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Boston housing inventory trends Apr 2007 - Nov 2015

 
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PostPosted: Tue Jan 05, 2016 11:11 am GMT    Post subject: Boston housing inventory trends Apr 2007 - Nov 2015 Reply with quote

Currently, anemic inventory is one of the two main factors dominating the Boston real estate market, skewing it heavily toward sellers. (The other factor essential to sustaining current real prices is historically low mortgage rates.) Prospective buyers would benefit from knowing when inventory will improve. That may not be any more predictable than when mortgage rates will change, but perhaps a simpler question whose answer would also provide value is whether inventory is currently improving.

Answering whether inventory is currently improving is tractable, but the answer won't be obvious from the numbers typically reported. There is a high degree of seasonality to inventory availability, and so a decline in inventory this month compared to last month might actually be an improvement if the decline is less than normal. Comparing inventory for a given month to the same month a year earlier would be one way factor out seasonality, and that is sometimes done in news articles. However, that doesn't provide insight into what level of inventory is normal and is also susceptible to noise from the anomalies for a particular year, such as Boston's mini ice age at the beginning of 2015.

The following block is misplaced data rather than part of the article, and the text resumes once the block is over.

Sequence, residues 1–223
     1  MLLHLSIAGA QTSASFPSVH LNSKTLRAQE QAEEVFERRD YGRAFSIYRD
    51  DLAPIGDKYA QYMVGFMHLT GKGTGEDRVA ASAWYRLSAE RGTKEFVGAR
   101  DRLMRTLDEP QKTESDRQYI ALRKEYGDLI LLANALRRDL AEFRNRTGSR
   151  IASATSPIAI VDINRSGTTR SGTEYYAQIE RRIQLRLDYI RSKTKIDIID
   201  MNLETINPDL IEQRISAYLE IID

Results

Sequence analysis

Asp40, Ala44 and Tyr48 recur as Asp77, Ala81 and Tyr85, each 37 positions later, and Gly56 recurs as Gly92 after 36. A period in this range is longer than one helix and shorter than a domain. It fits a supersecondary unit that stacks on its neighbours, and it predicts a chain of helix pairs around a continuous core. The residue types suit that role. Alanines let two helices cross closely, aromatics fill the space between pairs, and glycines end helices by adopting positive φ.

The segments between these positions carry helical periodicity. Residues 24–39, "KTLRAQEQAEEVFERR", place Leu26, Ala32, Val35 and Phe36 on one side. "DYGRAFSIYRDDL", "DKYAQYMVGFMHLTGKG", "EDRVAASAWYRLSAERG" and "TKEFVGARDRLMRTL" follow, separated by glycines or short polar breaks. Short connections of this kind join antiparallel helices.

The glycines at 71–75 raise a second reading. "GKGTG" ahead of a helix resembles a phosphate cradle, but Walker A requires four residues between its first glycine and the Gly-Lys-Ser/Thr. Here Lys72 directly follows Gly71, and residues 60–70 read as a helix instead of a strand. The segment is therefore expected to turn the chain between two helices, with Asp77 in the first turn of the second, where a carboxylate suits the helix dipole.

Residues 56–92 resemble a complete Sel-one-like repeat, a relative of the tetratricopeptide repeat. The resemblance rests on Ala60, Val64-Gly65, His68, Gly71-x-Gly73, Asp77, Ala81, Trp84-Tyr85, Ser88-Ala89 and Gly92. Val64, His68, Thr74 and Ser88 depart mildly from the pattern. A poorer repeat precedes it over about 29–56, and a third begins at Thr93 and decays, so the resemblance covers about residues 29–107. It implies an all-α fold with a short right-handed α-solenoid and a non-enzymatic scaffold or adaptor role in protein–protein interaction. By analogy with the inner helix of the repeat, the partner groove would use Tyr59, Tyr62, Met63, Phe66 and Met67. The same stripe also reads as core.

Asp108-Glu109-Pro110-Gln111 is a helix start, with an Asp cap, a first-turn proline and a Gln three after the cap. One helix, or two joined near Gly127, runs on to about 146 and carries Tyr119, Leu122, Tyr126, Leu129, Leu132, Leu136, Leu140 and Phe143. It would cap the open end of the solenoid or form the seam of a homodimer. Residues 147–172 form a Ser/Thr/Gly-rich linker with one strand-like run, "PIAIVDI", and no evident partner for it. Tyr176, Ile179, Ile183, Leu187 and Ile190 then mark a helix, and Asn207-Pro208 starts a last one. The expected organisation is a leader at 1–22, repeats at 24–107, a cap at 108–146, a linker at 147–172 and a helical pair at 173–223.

As an attempt at working out a way to better monitor inventory so that a change in the trend can be spotted more easily, I've converted Zillow's inventory data for the Boston MSA into a seasonally adjusted series. The conversion is simplistic, and if there are suggestions for improvements, please post them. For each month, I adjusted the raw inventory number by the percentage of inventory that the same month represented in all prior years. I extended the data series back beyond the beginning of Zillow's data by using the older Boston inventory data from The Department of Numbers. Below is a graph of the results from April 2007 - November 2015.



The graph above would suggest that inventory is terrible and not improving. Unlike in the first report on inventory, current inventory is over a standard deviation below average. It was only within a standard deviation of average in the first report because the time span covered was much shorter as only Zillow's data was used. The one immediate silver lining is that inventory has at least stopped declining.

One looming question this raises is: where is the inventory from baby boomers? Eventually, their exit will likely create a boom on the supply side as they retire, downsize, and move on. Previously, this was projected to begin in 2015 and to easily take two decades to play out. This is a major risk factor for current buyers because the inventory hasn't materialized yet, may not materialize soon enough to help buying in a practical sense, and yet when they want/need to resell their home, they could very well be competing with much higher inventory.

Past editions of this report include:

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